Disturbed spontaneous brain-activity pattern in patients with optic neuritis using amplitude of low-frequency fluctuation: a functional magnetic resonance imaging study
Received 16 July 2015
Accepted for publication 22 October 2015
Published 16 December 2015 Volume 2015:11 Pages 3075—3083
Checked for plagiarism Yes
Review by Single-blind
Peer reviewer comments 3
Editor who approved publication: Professor Wai Kwong Tang
Xin Huang,1,2,* Feng-Qin Cai,3,* Pei-Hong Hu,1 Yu-Lin Zhong,1 Ying Zhang,1 Rong Wei,1 Chong-Gang Pei,1 Fu-Qing Zhou,3 Yi Shao1
1Department of Ophthalmology, Jiangxi Province Clinical Ophthalmology Institute, First Affiliated Hospital of Nanchang University, Nanchang, 2Department of Ophthalmology, First People’s Hospital of Jiujiang, Jiujiang, 3Department of Radiology, First Affiliated Hospital of Nanchang University, Nanchang, People’s Republic of China
*These authors contributed equally to this work
Objective: To use the amplitude of low-frequency fluctuation (ALFF) technique to investigate the local features of spontaneous brain activity in optic neuritis (ON) and their relationship with behavioral performance.
Materials and methods: Twelve patients with ON (four male, eight female) and twelve age-, sex-, and education status-matched healthy controls (HCs) (four male, eight female) underwent resting-state functional magnetic resonance imaging (rs-fMRI) scans. The ALFF technique was used to assess local features of spontaneous brain activity. Correlation analysis was used to explore the relationship between the observed mean ALFF values of the different areas and visual evoked potentials (VEPs) in patients with ON.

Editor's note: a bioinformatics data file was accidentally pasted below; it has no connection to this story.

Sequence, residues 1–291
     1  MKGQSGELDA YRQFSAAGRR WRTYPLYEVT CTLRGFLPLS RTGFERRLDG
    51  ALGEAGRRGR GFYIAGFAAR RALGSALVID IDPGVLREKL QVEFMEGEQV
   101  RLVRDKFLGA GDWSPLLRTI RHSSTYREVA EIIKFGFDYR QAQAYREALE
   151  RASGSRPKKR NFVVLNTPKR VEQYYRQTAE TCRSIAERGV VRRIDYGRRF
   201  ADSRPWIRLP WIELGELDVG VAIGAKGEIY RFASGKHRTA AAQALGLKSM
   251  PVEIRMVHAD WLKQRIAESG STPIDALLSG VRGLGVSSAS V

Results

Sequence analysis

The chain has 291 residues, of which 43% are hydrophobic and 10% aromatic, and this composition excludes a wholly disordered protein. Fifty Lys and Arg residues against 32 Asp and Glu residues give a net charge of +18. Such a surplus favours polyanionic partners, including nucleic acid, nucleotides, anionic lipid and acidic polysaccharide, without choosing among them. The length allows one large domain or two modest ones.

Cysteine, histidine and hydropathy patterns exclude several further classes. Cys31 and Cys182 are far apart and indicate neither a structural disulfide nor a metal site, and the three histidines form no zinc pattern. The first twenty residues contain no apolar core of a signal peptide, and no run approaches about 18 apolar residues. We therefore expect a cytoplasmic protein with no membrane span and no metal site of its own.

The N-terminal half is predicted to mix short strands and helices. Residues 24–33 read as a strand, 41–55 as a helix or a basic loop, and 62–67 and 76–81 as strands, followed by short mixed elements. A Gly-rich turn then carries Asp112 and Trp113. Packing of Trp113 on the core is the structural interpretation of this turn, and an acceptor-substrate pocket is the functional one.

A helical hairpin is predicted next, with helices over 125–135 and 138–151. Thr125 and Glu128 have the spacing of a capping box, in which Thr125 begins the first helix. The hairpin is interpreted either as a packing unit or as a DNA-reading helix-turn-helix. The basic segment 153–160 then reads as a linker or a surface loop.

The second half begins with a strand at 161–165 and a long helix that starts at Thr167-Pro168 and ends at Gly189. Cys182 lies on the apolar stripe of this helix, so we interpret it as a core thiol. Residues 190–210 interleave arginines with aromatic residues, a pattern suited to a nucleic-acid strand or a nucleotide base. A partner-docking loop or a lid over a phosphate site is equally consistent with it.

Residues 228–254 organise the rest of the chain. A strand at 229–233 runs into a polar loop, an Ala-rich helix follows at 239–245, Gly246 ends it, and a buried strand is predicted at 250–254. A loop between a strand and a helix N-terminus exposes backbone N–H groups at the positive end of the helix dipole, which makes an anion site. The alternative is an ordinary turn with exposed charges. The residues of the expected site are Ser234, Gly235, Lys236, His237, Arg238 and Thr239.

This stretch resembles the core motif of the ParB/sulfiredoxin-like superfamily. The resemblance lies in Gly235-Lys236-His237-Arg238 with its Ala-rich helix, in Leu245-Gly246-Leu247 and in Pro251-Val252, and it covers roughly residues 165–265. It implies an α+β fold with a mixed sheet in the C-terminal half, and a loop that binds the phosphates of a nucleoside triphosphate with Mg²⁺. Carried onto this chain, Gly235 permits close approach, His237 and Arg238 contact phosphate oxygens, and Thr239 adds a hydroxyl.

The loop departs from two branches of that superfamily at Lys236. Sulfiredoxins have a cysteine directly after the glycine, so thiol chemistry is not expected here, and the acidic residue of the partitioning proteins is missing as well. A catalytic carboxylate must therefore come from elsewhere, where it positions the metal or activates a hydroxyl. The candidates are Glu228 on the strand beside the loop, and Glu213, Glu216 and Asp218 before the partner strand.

Results: Compared with HCs, patients with ON had significantly decreased ALFF values in the posterior and anterior lobes of the right cerebellum, right putamen, right inferior frontal gyrus, right insula, right supramarginal gyrus, right inferior parietal lobule, left medial frontal gyrus, left superior temporal gyrus, bilateral anterior cingulate/medial frontal gyrus, and bilateral precuneus, and significantly increased ALFF values in the posterior lobes of the left and right cerebellum, right inferior temporal gyrus, right inferior temporal/fusiform gyrus, left parahippocampal gyrus, left fusiform gyrus, left calcarine fissure, left inferior parietal lobule, and left cuneus. We found negative correlations between the mean ALFF signal value of the left parahippocampal gyrus and the VEP amplitude of the right eye in ON (r=-0.584, P=0.046), and a positive correlation between the mean ALFF signal value of the bilateral precuneus and the best-corrected visual acuity of the left eye (r=0.579, P=0.048) in patients with ON.
Conclusion: ON mainly seems to involve dysfunction in the default-mode network, cerebellum, and limbic system, which may reflect the underlying pathologic mechanism of ON.
Keywords: ALFF, fMRI, optic neuritis, resting state, spontaneous activity, visual evoked potential
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